Death of a Salesman: Deracination and Its Discontents *

Article excerpt

   To me the theater is not a disconnected entertainment.... It's
   the sound and the ring of the spirit of the people at any one
   time. It is where a collective mass of people, through the genius
   of some author, is able to project its terrors and its hopes and to
   symbolize them.

   --Arthur Miller (1)

A primary function of the theater is to perform social fact, to express it in terms of fictive yet truthful personal experience. With the passing of the years, social fact becomes historical fact, and the drama, particularly the realistic drama, stands as an often-invaluable record of what history felt like to those who actually lived it. The great subject of American Jewish drama--defined for our purposes as plays written in English by American Jews about Jewish experience--is the great subject also of the historians and sociologists of American Jewry: the encounter with America, the complex question of Americanization, acculturation, assimilation.

America is famously a nation of immigrants. In Oscar Handlin's words, "the immigrants were American history." The "history of immigration," he went on to say in his most famous book, significantly called The Uprooted,

   is a history of alienation and its consequences.... Emigration
   took these people out of traditional, accustomed environments
   and replanted them in strange ground, among strangers, where
   strange manners prevailed. The customary modes of behavior were
   no longer adequate, for the problems of life were new and
   different. With old ties snapped, men faced the enormous
   compulsion of working out new relationships, new meanings to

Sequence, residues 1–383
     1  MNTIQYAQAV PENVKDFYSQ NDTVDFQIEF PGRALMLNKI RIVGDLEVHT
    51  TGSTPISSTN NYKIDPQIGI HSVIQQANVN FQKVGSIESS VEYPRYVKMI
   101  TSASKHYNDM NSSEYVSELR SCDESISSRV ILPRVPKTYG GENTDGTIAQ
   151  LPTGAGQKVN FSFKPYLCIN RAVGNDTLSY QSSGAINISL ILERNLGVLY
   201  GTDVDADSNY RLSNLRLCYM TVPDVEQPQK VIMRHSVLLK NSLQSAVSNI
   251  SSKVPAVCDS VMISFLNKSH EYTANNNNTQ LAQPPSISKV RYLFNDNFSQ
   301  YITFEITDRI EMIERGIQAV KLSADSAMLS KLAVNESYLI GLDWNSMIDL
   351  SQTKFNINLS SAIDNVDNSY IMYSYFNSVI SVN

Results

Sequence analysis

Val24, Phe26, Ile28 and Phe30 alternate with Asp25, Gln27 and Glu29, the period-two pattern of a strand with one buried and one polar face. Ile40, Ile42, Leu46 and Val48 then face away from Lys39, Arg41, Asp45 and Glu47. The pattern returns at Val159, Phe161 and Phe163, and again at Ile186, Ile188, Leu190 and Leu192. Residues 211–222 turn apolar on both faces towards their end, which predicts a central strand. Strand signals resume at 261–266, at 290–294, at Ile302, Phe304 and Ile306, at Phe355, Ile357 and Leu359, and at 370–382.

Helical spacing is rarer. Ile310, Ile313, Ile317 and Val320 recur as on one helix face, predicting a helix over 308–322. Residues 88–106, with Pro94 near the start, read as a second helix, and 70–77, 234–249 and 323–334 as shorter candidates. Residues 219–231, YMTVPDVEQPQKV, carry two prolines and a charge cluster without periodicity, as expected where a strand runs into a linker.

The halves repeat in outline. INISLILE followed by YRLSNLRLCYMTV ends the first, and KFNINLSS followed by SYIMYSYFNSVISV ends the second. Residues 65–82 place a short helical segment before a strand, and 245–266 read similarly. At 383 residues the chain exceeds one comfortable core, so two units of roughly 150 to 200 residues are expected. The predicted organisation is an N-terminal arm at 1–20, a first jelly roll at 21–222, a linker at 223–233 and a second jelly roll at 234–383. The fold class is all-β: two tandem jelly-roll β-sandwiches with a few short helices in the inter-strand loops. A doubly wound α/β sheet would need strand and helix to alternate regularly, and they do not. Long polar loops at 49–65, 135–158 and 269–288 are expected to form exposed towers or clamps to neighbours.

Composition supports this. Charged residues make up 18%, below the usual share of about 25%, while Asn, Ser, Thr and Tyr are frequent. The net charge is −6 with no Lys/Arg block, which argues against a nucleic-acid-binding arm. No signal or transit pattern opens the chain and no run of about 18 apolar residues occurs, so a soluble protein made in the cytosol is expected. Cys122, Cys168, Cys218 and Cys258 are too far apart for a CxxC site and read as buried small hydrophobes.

their lives, often under harsh and hostile circumstances.... The
   shock, and the effects of the shock, persisted for many years; and
   their influence reached down to generations which themselves never
   paid the cost of crossing. (2)

American Jewish drama reflects Handlin's insight. It is not primarily about the immigrants themselves, but about their legacy to their descendants. It dramatizes the wound of immigrant uprooting as it throbs down the generations, the continuing effect of the "alienation," the shock," that Handlin speaks of.

Where in this new world do we find beliefs and models to tell us what is important and good, to show us how to be? And even beyond America, beyond ethnicity, most people today are living in a different world from that of their immediate ancestors. We all live in the tension between what we came from and what we have come to; we are all faced with the challenge of making some accommodation between them. American Jewish drama chronicles and analyzes the American Jewish version of an all-but-universal, historically determined experience.

Arthur Miller (1915-) is manifestly the most eminent Jewish playwright who ever lived (unless you believe the rumor that Shakespeare was a Marrano.) (3) Death of a Salesman, produced on Broadway in 1949 for a run of 742 performances, starring Lee J. Cobb in a celebrated performance as Willy Loman, is universally considered his most important play (as generations of high school students can attest). But what has Death of a Salesman to do with American Jewish drama as we have defined it? In what sense is Arthur Miller a Jewish playwright? Allen Guttmann, in an otherwise admirable book about American Jewish writers, placed Miller with Nathanael West and J. D. Salinger as "nominally Jewish, but ... in no sense Jewish writers." (4) That was in 1971--Guttmann would probably not say that today--but the question of Jewishness, or the lack of it, comes up frequently in discussions of Miller's work. Thus Morris Freedman wrote about several Miller plays, including Salesman,

   The ethnic anonymity of these plays is striking, if only in
   comparison with the plays of Odets and O'Neill, whose Jewish and
   Irish Catholic families in Awake and Sing and Long Day's Journey
   Into Night are so plainly identified for us. …